eration. The Rechabites were obe
dient to the instructions of their
forefathers. The prophet had sub
jected them to a test (not a tempta
tion, for he did not expect them to
fall) in the presence of the Jews
and in the great city of Jerusalem.
They were surrounded by the unac
customed luxury and temptations of
the city, and now the prophet tries
them further by saying, “Drink ye
wine.” But they were not afraid to
be thought old-fashioned or queer,
for they knew that the customs of
their fathers were good (see Jer.
6:16), and they stood by them.
To depend on that which is good
| and noble in the past of our people
or family, is a sign neither of weak
ness nor ignorance, but rather of
wisdom and strength. What kind of
family standards will your boy and
mine look back to? What of the lit
tle baby who lay in his buggy while
the young mother helped her hus
band pick out the bottle of whisky
in the store window which he then
went in and bought? When I see
such things my heart burns within
me against this wicked business
which destroys all of the finest in
men and in their homes.
11. Accuracy in Daily Living (Eph.
“The Greek word rendered ‘cir
cumspectly’ (v. 15) may be more
closely and simply rendered ‘accu
rately.’ The thought given is that of
painstaking attention to details, un
der a sense of their importance; a
remembrance not only in general
but in particular of the duties of the
Christian’s walk” (Moule).
Every phrase in this section of our
lesson is overflowing with meaning
but we cannot here refer to them
all. Note the temperance applica
tion. The man who walks accurate
ly will be “wise” (v. 15) and will
“be filled with the Spirit” (v. 18).
The inaccurate walker is a “fool”
(v. 15), and one of his follies may
be in being “drunk with wine” (v.
18). But there is far more in this
passage. Spirit-filled people know
the will of God and therefore re
deem the time. They cultivate that
delightful spiritual exercise of home
religion known as hymn singing.
Have you tried that lately? Gather
the family or friends around the or
gan or piano. Turn off the ever
present radio for a few minutes.
Open the old hymn book and sing.
Don’t overlook thankfulness in verse
20, and then try that golden recipe.
111. Unity in the Home (Eph.
A united family is obviously im
possible where one member or more
gives his time and money and very
life to booze. You know and I know
that it just does not work. Think
of the havoc thus wrought not only
in the lives of the parents, but
particularly in the lives and char
acters of the children.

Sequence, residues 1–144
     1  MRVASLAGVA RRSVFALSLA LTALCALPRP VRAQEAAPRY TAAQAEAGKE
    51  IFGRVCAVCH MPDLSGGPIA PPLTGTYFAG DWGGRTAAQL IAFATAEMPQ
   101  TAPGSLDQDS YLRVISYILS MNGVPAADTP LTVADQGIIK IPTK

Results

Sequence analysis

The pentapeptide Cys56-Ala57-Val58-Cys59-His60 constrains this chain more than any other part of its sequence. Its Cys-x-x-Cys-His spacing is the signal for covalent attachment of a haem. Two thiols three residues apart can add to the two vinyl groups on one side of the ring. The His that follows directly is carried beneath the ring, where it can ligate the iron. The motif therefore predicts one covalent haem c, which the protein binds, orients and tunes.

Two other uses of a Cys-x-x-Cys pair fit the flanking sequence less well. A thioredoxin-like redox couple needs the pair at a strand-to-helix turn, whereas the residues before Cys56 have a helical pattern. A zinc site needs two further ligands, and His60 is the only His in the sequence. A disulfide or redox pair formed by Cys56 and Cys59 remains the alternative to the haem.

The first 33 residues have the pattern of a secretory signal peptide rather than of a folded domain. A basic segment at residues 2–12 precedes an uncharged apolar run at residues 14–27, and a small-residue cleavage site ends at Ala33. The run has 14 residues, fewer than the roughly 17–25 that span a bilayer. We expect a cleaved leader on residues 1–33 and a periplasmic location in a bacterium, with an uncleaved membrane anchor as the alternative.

Let Christ reign in the home and
there will be unity. Children will
realize that it is right to obey their
godly parents. They will honor and
cherish father and mother, and God
will reward them for it (vv. 2,3;
also Exod. 20:12). But what is more,
fathers will be wise enough not to
provoke their children to wrath.
Much of the trouble in our homes is
caused by disobedient children, but
sometimes I think even more of it
is caused by unwise parents. The
children need nurture and admoni
tion, but that can be done in kind
ness and with constructive results
if we seek the Lord’s help. Father,
mother, let me plead with you that
you permit no interest in business,
social life, or even church work to
come between you and your fellow
ship with your children. That is your
biggest job and your greatest op
What to Eat and Why
With Approach of Warm Weather, C. Houston Goudiss
Advises Extra Care in Storing Foods in the Home
IT IS the proud distinction of America’s food industries that
notwithstanding the infinite variety of perishable foods
which are constantly available, and regardless of the dis
tances they have been transported, even the most delicate
foods are delivered to the consumer in a fresh, wholesome
condition, with all their fine flavor unimpaired.
The secret of this modern miracle is refrigeration. Vast
sums of money have been invested in long trains of refriger-
ated cars, thousands upon<?
thousands of refrigerated
trucks, refrigerated ware
houses and refrigeration
equipment in stores. All this
has been done for a single
purpose: to keep food fresh
and at its best until it reaches
the home.
At this point the responsibility
shifts to the homemaker. And if
she falls down on her job, then all
previous efforts to keep food free
from spoilage have been in vain.
Homemaker’s Responsibility
As guardian of her family’s
health, one of the homemaker’s
most important
■ tasks is to see to it
| that all food is safe
i ■ ta ble. This means
foods must contin
be protected from
the ravages of micro-organisms
which are always ready to attack
foods when conditions are favora
ble for their growth.
Two essentials are necessary for
satisfactory food preservation in
the home. First, perishable foods
must be stored at a temperature
of from 40 to 45 degrees Fahren
heit—never at a temperature high
er than 50 degrees. Second, the
right degree of humidity must be
maintained. Too much moisture
will encourage the growth of bac
teria; too little will dehydrate
fruits and vegetables and make
them unfit for consumption.
Home Care of Foods
Both requirements are met by
a good household refrigerator;
and the homemaker who appreci
ates the importance of keeping
foods sound and wholesome will
regard an efficient refrigerator as
an investment in good health. It
is especially necessary that the